Data Class Data Type Data Collection Domain Data Aggregation & Analysis Domain Domain of Accrued Value Primary Data Ownership Primary Monetization Leverage
1 Functional Device Data Device Owner Only Device Owner Only Device Owner

Device Manufacturer

Third Parties

Device Owner Owns and/or Controls Access to Data Device Owner
2 Anonymous Device Use Data Multiple Device Owners

AND/OR

Other External Sources

Device Manufacturer

AND/OR

Third Party

Device Owner(s)

Device Manufacturer

Third Parties

Device Manufacturer

Owns and Controls access to Data

Device Manufacturer
3 Non-Functional Device Data Multiple Device Owners

AND/OR

Other External Sources

Device Manufacturer

AND/OR

Third Party

Device Owner(s)

Device Manufacturer

Third Parties

Device Manufacturer

Owns and Controls Access to Data

Device Manufacturer

 

Despite the fact that the manufacturers of IoT devices control the type and quality of the embedded device data that the entire IoT value proposition is built upon,  in many cases, there is no clear place or mechanism for them to participate in the upstream recurring revenues that result from the aggregation and analysis of the data unless they are willing to monetize it directly. An even more strategic challenge to the device manufacturers’ ability to monetize their data is the tug of war underway with third party data aggregation and analysis product and service vendors, many of whom have built their business cases on the assumption that most of the functional device data owned by the device owner and the anonymous use data owned by the device manufacturers (Class 1 and 2 Device Data above) will somehow be available to them for free. These analytics service providers, in the absence of clear and easy to use federated licensing mechanisms, are increasing puttingly  pressure on device manufacturers to adopt open standards and interfaces in the hope of gaining free access to device data. That said, given, that the “Thing” in the Internet of Things (IoT) is a very broad term that encompasses everything from a simple analog sensor that costs a few cents to jet engines that costs tens of millions of dollars, and given that device manufacturers will have to make the significant investments needed to support IoT applications, the assumption that device manufacturers will simply and voluntarily adopt open standards and interfaces that turns their products into commoditized data sources to allow third parties to monetize their data without an ROI is in many cases unrealistic and unlikely.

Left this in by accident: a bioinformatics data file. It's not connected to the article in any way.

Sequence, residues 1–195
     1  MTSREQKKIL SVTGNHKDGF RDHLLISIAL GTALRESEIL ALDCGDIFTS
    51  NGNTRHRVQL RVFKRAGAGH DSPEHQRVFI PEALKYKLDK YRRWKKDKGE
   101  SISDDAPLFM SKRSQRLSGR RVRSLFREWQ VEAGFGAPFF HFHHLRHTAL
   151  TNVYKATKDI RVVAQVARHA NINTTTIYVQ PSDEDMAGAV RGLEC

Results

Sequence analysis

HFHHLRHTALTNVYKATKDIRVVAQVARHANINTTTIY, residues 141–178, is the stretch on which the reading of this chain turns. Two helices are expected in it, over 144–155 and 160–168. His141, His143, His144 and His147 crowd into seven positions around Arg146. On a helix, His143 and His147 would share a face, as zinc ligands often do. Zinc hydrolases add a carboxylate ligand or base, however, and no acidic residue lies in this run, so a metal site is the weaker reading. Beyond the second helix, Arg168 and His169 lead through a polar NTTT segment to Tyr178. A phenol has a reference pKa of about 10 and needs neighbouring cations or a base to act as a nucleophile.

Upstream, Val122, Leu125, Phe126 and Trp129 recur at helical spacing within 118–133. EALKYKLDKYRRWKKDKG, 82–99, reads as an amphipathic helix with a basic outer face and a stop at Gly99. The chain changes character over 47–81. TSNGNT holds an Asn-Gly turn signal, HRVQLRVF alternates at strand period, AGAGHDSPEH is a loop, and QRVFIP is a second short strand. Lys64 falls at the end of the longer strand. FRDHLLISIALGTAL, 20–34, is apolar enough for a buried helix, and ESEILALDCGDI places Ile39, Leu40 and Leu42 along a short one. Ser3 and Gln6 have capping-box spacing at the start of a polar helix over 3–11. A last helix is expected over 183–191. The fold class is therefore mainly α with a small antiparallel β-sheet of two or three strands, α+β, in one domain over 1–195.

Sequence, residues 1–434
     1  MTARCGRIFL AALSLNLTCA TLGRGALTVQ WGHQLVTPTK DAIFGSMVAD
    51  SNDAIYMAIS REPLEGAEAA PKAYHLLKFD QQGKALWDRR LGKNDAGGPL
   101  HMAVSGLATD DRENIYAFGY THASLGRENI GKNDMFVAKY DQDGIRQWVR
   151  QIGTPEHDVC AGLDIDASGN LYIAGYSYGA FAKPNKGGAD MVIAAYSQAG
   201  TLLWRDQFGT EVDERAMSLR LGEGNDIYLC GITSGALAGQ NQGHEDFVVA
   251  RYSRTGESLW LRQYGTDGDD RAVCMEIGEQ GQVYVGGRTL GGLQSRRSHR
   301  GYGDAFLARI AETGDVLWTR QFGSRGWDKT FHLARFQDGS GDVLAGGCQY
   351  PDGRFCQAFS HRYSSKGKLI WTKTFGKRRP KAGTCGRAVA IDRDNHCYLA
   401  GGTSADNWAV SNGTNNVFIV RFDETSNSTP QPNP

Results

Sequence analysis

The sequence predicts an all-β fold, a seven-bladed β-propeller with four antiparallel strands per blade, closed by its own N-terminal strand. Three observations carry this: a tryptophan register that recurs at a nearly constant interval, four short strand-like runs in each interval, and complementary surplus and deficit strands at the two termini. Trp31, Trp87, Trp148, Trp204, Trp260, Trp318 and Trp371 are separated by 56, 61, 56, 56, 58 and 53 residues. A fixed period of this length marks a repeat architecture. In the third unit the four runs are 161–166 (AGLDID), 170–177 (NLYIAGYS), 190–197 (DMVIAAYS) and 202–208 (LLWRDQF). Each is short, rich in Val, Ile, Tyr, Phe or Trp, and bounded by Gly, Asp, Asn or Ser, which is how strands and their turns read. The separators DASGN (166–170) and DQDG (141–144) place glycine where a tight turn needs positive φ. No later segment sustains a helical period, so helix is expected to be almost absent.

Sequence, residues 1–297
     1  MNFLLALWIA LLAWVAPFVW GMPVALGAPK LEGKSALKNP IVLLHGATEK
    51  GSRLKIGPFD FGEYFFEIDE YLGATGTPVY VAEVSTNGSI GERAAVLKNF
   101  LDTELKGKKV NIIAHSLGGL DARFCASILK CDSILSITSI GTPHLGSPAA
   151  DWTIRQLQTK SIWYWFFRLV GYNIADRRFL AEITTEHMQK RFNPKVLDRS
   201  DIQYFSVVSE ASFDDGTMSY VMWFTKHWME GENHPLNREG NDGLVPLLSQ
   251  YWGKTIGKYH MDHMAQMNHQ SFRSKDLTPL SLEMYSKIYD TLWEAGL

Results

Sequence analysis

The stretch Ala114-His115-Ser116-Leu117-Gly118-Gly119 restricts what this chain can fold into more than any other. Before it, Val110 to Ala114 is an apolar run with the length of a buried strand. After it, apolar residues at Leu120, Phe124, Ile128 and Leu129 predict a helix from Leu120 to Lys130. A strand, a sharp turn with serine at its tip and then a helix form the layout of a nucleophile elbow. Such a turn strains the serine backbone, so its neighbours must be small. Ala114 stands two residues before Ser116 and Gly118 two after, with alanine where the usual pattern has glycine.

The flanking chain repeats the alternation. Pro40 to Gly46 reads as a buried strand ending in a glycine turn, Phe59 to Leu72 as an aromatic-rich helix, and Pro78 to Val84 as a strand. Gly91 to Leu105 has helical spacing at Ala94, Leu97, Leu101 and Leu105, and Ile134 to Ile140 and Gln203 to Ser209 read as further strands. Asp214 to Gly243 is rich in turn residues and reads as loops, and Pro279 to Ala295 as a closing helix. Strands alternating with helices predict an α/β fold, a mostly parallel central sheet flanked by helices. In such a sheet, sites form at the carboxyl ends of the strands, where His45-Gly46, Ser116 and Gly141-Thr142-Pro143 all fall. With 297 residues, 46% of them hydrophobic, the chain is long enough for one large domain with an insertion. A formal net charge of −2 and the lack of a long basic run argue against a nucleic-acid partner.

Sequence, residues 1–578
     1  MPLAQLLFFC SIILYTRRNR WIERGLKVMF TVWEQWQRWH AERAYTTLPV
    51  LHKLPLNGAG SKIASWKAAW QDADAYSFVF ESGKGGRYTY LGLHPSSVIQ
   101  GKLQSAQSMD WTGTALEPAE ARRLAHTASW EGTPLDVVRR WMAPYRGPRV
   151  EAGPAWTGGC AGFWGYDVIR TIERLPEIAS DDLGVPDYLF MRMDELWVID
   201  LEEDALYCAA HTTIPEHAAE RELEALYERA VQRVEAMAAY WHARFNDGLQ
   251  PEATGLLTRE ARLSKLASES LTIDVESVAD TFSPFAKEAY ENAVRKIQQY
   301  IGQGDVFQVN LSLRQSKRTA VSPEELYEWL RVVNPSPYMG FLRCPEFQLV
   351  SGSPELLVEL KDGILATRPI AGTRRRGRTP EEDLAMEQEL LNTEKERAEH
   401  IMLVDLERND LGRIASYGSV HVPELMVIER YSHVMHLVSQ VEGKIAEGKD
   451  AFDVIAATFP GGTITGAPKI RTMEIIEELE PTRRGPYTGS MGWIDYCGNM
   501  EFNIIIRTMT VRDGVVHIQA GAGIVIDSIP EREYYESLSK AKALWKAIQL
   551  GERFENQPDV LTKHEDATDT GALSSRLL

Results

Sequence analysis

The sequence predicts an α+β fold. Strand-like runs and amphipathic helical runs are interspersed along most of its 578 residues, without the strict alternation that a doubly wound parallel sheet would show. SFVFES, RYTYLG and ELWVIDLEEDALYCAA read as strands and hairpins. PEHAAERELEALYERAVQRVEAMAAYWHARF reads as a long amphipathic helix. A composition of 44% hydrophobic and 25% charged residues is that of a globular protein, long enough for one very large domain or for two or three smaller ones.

The options available to each individual device manufacturer to meet these challenges and capitalize on the opportunities will vary considerably based on a number of factors that not only include the nature of the specific vendor offering but also, and perhaps more importantly, on the specific market conditions for that offering, including the degree of market fragmentation, the manufacturer’s market share, and whether the market is historically built on proprietary or open standard products and interfaces. These factors more than anything will determine the degree of leverage each manufacturer will have in monetizing the data generated by its devices. But that is a much more complex and lengthy analysis perhaps for a future blog.